That for sure has to be Fangirl by Rainbow Rowell. I recently discovered it was available on Bookshare, but I’ve literally had it on my TBR list for years.

4. An Intimidating Book on Your TBR?
The Institute
That still would be The Institute by Stephen King.

5. Top Three Books on Your TBR
I don’t really know. I’m generally a mood reader, so I read whatever strikes my fancy at a given point. As a result, I usually read multiple books at once. I honestly don’t know what three books I would want to read now that I haven’t started on yet.

6. Recommend a Short Book
Most of the books I read are not too long. Then again, I don’t really know what counts as short.

7. Recommend a Long Book
Well, the longest fiction book I’ve read that I can remember is Handle with Care by Jodi Picoult, but I’m not sure that counts as long. Other than that, how about you read the Diagnostic and Statistical Manual of Mental Disorders, Fifth Edition (DSM-5)? Yes, I actually own a copy of it.

8. Something You’d Love to Do While Stuck at Home?
Exercise more. I really need to get on the elliptical more often and also should be doing yoga. Oh, are these things I’d love to do or things I’d need to do? Maybe both.

9. What Book Do You Plan on Reading Next?
Rules for Being a Girl
I just recently downloaded Rules for Being a Girl by Candace Bushnell and Katie Cotugno off Bookshare and think I’ll read that next. At least, after I’ve finished reading Wink, Heroine by Mindy McGinnis and the other books still in progress and listening to Matilda by Roald Dahl.

I won’t tag anyone, but if you’d like to do this tag, I’d love you to.

Bookish (And Not So Bookish) Thoughts (May 7, 2020)

I haven’t felt inspired to write all day today. That’s weirdly sad. I mean, before I went on this writing spree at the end of March, I sometimes didn’t write for nearly a week and now I’m feeling disappointed at not having a topic to write about by morning. I did get my writing mojo back in late afternoon. I’m joining in with Bookish (And
Not So Bookish) Thoughts
. I think Christine of Bookishly Boisterous intended this as a meme anyway, so I can join in.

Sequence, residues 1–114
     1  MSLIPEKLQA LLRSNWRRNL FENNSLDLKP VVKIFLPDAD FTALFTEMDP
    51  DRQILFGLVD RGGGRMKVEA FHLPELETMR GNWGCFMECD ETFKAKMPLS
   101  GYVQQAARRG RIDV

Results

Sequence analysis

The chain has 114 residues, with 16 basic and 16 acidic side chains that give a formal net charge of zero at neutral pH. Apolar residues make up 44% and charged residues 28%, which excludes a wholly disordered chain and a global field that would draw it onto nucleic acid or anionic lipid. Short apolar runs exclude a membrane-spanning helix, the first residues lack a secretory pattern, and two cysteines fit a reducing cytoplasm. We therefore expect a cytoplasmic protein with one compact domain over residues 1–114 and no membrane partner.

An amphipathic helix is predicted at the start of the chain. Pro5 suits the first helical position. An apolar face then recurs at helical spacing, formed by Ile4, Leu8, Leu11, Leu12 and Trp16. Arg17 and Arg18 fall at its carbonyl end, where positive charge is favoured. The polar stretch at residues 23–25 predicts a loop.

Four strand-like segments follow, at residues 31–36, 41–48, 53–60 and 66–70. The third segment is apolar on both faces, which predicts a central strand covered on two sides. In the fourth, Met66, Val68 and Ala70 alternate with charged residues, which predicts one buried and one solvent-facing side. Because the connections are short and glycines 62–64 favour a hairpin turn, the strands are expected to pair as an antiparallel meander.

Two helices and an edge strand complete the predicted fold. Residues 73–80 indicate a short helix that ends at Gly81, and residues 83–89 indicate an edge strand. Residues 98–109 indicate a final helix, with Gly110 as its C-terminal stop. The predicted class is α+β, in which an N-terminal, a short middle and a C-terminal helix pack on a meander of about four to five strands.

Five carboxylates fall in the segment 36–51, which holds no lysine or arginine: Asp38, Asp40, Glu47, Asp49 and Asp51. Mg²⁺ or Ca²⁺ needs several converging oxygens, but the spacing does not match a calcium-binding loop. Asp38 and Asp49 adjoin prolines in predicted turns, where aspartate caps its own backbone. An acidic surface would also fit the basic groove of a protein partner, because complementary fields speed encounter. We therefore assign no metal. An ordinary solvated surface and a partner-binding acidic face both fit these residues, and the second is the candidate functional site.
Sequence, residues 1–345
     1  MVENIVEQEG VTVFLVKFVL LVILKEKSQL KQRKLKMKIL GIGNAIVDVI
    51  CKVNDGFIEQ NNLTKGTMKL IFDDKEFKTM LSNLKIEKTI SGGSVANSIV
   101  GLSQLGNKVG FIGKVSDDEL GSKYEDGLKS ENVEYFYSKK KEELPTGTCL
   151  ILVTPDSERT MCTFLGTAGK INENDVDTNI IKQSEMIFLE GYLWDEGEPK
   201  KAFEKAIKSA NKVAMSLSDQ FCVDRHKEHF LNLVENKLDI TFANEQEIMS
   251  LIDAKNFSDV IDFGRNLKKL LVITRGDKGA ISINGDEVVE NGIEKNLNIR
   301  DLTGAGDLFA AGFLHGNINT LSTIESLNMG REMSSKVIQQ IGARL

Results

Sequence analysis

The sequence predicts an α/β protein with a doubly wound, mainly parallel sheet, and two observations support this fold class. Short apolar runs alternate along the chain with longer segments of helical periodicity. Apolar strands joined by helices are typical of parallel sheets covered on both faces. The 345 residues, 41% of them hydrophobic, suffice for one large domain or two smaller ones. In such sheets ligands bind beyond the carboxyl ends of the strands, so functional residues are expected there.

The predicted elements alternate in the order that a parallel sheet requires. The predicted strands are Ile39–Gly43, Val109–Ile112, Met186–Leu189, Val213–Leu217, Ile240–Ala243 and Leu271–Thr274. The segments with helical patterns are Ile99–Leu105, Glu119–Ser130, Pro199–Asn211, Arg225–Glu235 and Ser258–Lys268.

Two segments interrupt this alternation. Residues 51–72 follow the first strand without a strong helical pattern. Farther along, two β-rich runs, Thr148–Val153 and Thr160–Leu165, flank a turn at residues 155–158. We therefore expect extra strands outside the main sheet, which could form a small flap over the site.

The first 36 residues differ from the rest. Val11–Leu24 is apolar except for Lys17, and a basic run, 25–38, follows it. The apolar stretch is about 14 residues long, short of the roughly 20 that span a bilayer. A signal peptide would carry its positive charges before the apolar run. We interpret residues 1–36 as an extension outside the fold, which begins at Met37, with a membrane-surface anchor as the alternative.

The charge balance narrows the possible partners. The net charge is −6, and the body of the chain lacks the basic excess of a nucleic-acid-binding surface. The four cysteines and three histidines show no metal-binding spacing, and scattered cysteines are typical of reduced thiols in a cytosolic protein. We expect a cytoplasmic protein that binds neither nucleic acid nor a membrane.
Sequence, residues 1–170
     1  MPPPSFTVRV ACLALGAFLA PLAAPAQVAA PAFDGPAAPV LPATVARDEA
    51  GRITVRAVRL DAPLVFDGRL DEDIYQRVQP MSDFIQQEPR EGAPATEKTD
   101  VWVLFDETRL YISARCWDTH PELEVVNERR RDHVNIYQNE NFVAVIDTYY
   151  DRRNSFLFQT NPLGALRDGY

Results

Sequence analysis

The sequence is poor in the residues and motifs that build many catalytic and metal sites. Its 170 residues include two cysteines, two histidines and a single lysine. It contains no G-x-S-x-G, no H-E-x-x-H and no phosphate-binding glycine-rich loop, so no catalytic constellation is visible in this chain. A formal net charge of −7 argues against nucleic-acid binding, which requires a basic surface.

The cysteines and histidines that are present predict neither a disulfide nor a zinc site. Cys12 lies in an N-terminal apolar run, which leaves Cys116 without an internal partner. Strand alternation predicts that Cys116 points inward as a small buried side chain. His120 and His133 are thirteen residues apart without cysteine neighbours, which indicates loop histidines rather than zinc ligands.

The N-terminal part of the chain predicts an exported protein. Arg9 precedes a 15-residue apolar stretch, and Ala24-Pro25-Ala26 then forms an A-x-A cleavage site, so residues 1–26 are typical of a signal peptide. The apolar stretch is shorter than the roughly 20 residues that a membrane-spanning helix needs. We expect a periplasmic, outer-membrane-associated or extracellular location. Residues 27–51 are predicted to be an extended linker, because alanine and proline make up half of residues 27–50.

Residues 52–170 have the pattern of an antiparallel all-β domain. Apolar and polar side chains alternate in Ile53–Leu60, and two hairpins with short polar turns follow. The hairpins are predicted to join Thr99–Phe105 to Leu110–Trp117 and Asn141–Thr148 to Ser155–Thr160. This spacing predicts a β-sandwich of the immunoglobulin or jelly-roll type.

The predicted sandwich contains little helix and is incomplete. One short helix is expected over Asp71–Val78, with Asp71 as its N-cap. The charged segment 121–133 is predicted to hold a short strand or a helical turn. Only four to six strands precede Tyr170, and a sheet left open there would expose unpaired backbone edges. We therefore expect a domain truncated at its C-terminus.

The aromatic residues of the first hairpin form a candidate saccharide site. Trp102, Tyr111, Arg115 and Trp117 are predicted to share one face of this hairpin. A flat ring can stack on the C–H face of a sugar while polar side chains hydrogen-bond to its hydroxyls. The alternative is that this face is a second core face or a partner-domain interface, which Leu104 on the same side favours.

I finally finished Wonder by R.J. Palacio yesterday. I originally wanted to write a proper review, but can’t without it probably containing spoilers. So be warned.

Let me say this book had my feelings all over the place. I was triggered by Via’s feeling like everything was about Auggie. This resonates with how my sister felt about growing up with me. I felt tears of joy when reading Miranda’s part, because she showed such pure love to August. Then at the end, when everything is fine and everyone sticks up for August, I felt a pang of jealousy. I mean, my school was welcoming too, but mostly so they could pat themselves on the back for having accepted a blind student. I ended up giving the book a 4-star rating because of these mixed feelings.

Now I’m reading Wink by Rob Harrell. It’s a bit of a similar themed book, but so far not as evocative.

I also downloaded Rules for Being a Girl by Candace Bushnell and Katie Cotugno. I saw it on Rebecca of BookishlyRebecca’s Goodreads, which was linked to her blog. I’m probably going to link my Goodreads here too.

I’m also further digging into The Empath’s Survival Guide by Judith Orloff. I’m beginning to think I may be just a highly sensitive emotional mess, not an empath. However, it’s still an interesting read.

In other news, yesterday was a truly great day for my blog stats. Not that I care much about them, but then again sometimes I do. I am truly loving being able to interact with all my readers. I can’t believe how for years I rarely replied to comments. I believed at the time that my stats would be screwed if half the comments were mine. Well, whatever. I apparently cared more about my numbers then than about genuine connections, which is weird at best.

How is your (reading) life going?